The Department of Planning will investigate whether coal company Aston Resources breached planning laws by not declaring the political donations of its chairman Nathan Tinkler as part of its Maules Creek mine application.
Mr Tinkler’s $50,000 in donations to the NSW Nationals have already been questioned because of his stake in property development company Buildev, despite developers being prohibited from donating to political parties.
Mr Tinkler founded Aston Resources in 2008, publicly listed in mid 2010, and was appointed board chairman in November last year as well as being a substantial shareholder.
In a project application dated August 2010, Aston declared it had made no political donations.
Under planning assessment laws, a proponent has to declare to the Planning Department political donations made within two years of an application, including those made by its directors.
It is also required to disclose within seven days any subsequent donations.
Mr Tinkler gave $5000 to the party’s state campaign and $45,000 to its federal campaign at a fund-raiser on March 31, according to NSW election funding declarations made public in November.
A Department of Planning and Infrastructure spokeswoman said yesterday it had contacted Aston in November and ‘‘was again advised that there was nothing to declare’’.
‘‘The department is investigating the matter,’’ she said.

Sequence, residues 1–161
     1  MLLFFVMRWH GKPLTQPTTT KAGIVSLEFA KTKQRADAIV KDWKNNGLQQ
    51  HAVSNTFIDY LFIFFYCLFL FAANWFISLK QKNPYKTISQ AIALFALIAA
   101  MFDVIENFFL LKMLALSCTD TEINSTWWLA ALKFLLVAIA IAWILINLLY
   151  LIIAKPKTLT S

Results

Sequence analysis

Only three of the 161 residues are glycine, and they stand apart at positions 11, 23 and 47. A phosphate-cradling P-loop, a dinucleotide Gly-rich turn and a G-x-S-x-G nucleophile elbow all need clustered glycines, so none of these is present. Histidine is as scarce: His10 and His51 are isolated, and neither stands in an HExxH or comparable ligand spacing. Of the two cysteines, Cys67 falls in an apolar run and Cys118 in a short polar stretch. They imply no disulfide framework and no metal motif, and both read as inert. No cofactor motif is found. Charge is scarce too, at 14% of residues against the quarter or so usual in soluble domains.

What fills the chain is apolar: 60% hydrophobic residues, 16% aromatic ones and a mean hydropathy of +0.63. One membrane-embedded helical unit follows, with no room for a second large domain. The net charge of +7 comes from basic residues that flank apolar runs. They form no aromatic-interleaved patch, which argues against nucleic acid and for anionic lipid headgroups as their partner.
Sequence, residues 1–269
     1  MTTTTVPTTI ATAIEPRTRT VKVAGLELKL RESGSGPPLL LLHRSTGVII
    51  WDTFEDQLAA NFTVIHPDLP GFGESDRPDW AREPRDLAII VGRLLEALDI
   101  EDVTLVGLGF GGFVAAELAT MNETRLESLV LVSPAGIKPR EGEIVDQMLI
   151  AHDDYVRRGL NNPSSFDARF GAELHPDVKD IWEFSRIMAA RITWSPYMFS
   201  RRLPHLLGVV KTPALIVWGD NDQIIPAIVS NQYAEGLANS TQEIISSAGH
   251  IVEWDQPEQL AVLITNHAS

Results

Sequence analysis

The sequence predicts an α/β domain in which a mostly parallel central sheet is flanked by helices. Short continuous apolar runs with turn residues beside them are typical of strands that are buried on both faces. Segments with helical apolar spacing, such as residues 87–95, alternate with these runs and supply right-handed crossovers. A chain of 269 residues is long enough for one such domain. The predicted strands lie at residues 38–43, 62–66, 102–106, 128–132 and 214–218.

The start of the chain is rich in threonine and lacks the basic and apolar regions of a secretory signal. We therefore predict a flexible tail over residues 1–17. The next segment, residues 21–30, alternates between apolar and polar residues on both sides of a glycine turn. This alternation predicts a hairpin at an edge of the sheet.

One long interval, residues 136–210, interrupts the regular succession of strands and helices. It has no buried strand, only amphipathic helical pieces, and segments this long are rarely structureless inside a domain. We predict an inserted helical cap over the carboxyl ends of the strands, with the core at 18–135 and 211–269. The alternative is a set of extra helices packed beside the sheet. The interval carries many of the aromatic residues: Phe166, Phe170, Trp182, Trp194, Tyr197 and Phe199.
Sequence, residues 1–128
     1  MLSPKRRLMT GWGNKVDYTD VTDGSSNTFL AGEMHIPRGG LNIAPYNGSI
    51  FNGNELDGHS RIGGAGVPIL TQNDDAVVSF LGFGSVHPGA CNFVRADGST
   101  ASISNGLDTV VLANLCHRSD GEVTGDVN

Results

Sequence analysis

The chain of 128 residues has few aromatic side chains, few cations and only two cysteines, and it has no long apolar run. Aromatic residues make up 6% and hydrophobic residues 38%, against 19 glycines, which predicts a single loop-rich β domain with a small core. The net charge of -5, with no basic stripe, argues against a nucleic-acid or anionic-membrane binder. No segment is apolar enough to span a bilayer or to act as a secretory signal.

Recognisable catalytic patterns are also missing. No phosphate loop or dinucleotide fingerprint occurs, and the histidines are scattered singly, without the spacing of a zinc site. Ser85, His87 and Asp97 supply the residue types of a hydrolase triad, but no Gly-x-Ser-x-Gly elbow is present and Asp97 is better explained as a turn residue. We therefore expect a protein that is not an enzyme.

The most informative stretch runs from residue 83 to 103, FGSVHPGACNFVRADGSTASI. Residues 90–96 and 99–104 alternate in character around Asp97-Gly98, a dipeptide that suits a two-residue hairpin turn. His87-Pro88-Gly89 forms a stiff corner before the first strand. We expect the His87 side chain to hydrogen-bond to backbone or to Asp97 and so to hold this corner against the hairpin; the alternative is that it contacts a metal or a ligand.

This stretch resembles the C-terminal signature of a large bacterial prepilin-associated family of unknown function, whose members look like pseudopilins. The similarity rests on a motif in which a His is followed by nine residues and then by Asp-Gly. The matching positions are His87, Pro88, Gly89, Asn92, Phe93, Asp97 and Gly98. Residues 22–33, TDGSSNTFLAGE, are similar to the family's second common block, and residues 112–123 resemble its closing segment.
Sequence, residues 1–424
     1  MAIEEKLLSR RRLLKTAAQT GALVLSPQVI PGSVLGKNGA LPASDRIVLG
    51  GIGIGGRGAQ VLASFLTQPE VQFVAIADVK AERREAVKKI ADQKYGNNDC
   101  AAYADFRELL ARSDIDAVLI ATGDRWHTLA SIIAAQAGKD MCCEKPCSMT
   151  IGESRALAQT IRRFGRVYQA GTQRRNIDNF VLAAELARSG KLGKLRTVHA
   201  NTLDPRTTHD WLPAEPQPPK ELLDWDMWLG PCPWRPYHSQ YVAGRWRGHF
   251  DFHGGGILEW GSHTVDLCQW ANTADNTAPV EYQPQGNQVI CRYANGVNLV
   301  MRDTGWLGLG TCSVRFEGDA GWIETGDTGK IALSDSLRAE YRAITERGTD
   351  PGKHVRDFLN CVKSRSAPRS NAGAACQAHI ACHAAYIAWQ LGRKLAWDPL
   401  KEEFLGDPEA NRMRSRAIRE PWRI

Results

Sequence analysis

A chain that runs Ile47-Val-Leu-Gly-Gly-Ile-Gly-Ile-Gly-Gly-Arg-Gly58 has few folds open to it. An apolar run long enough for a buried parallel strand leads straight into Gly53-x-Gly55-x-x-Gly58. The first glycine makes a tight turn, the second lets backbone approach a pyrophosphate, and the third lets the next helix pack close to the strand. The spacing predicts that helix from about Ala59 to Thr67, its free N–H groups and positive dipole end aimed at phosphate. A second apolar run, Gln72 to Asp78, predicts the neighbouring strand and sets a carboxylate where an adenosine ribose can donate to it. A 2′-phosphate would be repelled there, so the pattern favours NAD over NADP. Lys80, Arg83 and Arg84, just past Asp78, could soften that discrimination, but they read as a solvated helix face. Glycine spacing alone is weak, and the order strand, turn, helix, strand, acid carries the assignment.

‘‘If the company is found to have breached its obligations under the Environment Planning and Assessment Act, the department will decide what further action to take.’’
Aston Resources acting chief financial officer Garry Wayling said yesterday the company would clarify its obligations in relation to Mr Tinkler’s donations and ensure it acted appropriately.
Greens MP Jeremy Buckingham said there were ‘‘serious questions’’about whether proper declarations had been made.
‘‘The public should be aware that Nathan Tinkler has given a huge amount of money to the Nationals, while the government is making a decision on whether to approve his coalmine,’’ Mr Buckingham said.
Mr Tinkler has previously said he made the donations in good faith and denied any intentional breach of donations laws.
A spokeswoman for Planning Minister Brad Hazzard said the application was to be referred to the independent Planning Assessment Commission because of the donations and the substantial number of public objections to the project.
A NSW Election Funding Authority spokesman said it was continuing to audit all 2010-2011 declarations and was not specifically examining Mr Tinkler’s donations at present. The NSW Nationals said the party was awaiting advice from the authority.